In Septic Knowledge Center

Have you ever noticed that some houses, perhaps even around where you live, have a mound in the yard? Sometimes these mounds have pipes coming out of the top. These mounds are actually part of the septic system for this house. What is the mound for? How does it work? Let’s take a look at these questions and explain why you see these and how mound septic systems actually work.

As we mentioned in a previous article about percolation tests, the soil has to absorb water from your septic system at a certain rate in order for the waste water to be properly biodegraded by the soil. If the ground absorbs the water too slow, it will end up flooding your yard. Too fast means that it could make its way into drinking water before being processed naturally. So what happens when that is the case, the ground isn’t ideal, does that mean you won’t be able to build on the property?

Mound Septic Systems

Mound septic systems are an alternative wastewater treatment method used in areas where standard septic systems are not feasible, typically due to shallow soil depth, high groundwater levels, or poor soil percolation rates. These systems are designed to treat and disperse household wastewater by artificially elevating the drainage field, hence the term “mound.”

The process begins with wastewater flowing from the household into a septic tank. In the tank, solid waste settles to the bottom, forming sludge, while lighter substances like oil and grease float to the top, creating scum. The liquid effluent, positioned between the scum and sludge layers, is relatively clear and flows out of the tank into a dosing chamber.

In the dosing chamber, effluent is temporarily stored and periodically pumped out in controlled doses to the mound system. This controlled dosing is crucial for the system’s efficiency, as it ensures uniform distribution of effluent and prevents overloading.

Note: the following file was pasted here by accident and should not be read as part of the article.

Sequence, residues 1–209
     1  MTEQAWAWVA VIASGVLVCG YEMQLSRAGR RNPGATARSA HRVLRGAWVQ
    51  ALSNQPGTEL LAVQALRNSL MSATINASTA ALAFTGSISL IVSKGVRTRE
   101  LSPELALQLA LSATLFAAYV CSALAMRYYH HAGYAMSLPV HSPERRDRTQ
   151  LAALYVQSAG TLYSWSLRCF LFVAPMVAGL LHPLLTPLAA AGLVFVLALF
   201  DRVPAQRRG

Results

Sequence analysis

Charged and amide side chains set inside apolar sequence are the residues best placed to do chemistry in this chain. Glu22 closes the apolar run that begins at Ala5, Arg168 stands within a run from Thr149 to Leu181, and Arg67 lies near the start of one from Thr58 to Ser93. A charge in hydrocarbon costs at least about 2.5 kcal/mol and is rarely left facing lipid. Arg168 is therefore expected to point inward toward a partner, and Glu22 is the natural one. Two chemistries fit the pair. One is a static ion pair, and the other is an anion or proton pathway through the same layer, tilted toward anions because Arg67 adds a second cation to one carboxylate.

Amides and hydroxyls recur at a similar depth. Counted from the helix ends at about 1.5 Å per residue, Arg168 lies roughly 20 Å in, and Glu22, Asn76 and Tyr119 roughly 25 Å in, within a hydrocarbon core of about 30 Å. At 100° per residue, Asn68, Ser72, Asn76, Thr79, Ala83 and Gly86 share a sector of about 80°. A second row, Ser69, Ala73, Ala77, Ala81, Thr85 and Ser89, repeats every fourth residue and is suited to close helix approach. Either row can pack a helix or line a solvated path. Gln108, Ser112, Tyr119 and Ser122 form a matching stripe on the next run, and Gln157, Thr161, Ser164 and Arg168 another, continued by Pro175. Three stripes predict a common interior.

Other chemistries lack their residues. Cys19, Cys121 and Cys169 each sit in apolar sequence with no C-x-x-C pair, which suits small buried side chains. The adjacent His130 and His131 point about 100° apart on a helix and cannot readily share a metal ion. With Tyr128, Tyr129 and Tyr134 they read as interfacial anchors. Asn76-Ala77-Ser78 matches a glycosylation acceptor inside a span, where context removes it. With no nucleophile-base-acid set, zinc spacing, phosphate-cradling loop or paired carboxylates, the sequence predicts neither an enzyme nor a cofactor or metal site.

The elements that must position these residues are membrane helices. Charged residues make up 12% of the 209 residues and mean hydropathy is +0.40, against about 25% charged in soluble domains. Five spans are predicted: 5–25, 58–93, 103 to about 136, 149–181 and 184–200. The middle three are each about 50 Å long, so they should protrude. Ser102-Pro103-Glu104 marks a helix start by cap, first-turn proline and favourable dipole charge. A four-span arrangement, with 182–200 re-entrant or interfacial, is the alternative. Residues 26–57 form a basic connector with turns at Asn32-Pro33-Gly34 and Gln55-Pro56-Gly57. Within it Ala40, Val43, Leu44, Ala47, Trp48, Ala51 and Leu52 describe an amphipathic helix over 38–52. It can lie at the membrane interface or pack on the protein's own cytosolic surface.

The mound septic systems itself consists of a bed of gravel or sand built on top of the natural soil surface. Perforated pipes, laid within this bed, distribute the effluent over the absorption area. The wastewater then trickles down through the mound’s layers of sand and gravel, which provide additional treatment by filtering and removing contaminants. Finally, the treated water percolates into the underlying natural soil, where further filtration occurs before it eventually reaches the groundwater.

Mound systems are often used in sensitive environmental areas due to their enhanced treatment capabilities and the protection they offer to groundwater resources. However, they require more space and maintenance compared to conventional septic systems.

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Mound Septic Systems Expert Installers

This is where mound septic systems comes in. When the ground is not ideal for a septic system, a mound system can be used in many cases. There are a few different aspects of the system you should know about. The system consists of a septic tank, a dosing chamber and a mound. Waste water enters the septic tank after it leaves the house. The solid waste settles to the bottom of the tank, just like a regular septic system. The effluent, or waste water is pumped to the mound. The water is pumped in doses, hence the name.

Because the waste water is regulated as it flows through the mound the water can be treated before making it to the original soil beneath. These mounds are not simply a dirt mound, they are carefully designed taking into consideration the original soil below where the mound is to be built. Also the flow rate for the pumps are set for the specific situation. As with all aspects of your properties septic system, it is carefully inspected and approved by your municipality to make sure its safe for your family and your neighbors.

Remember, you don’t need to know everything about your septic system. You should however remember Martin Septic Service. We have been providing septic services for decades throughout Charlotte, Sarasota counties in Florida. Give us a call today, or complete this online form.

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